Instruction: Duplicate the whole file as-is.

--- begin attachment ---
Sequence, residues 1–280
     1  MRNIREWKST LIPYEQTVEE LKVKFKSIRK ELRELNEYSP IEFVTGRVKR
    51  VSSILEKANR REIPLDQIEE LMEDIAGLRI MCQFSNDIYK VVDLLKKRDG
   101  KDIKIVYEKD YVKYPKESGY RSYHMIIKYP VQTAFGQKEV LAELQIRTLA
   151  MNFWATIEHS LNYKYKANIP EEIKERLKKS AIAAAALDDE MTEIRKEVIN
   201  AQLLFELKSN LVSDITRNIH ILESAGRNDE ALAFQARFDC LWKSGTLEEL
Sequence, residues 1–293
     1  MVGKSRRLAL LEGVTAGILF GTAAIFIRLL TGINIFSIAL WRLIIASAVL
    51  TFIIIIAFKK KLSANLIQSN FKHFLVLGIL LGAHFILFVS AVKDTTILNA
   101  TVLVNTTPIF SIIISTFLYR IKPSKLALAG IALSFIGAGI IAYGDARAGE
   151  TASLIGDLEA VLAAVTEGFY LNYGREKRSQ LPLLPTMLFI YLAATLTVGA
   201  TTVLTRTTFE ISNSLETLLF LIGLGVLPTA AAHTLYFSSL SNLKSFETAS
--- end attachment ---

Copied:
Sequence, residues 1–280
     1  MRNIREWKST LIPYEQTVEE LKVKFKSIRK ELRELNEYSP IEFVTGRVKR
    51  VSSILEKANR REIPLDQIEE LMEDIAGLRI MCQFSNDIYK VVDLLKKRDG
   101  KDIKIVYEKD YVKYPKESGY RSYHMIIKYP VQTAFGQKEV LAELQIRTLA
   151  MNFWATIEHS LNYKYKANIP EEIKERLKKS AIAAAALDDE MTEIRKEVIN
   201  AQLLFELKSN LVSDITRNIH ILESAGRNDE ALAFQARFDC LWKSGTLEEL
Sequence, residues 1–293
     1  MVGKSRRLAL LEGVTAGILF GTAAIFIRLL TGINIFSIAL WRLIIASAVL
    51  TFIIIIAFKK KLSANLIQSN FKHFLVLGIL LGAHFILFVS AVKDTTILNA
   101  TVLVNTTPIF SIIISTFLYR IKPSKLALAG IALSFIGAGI IAYGDARAGE
   151  TASLIGDLEA VLAAVTEGFY LNYGREKRSQ LPLLPTMLFI YLAATLTVGA
   201  TTVLTRTTFE ISNSLETLLF LIGLGVLPTA AAHTLYFSSL SNLKSFETAS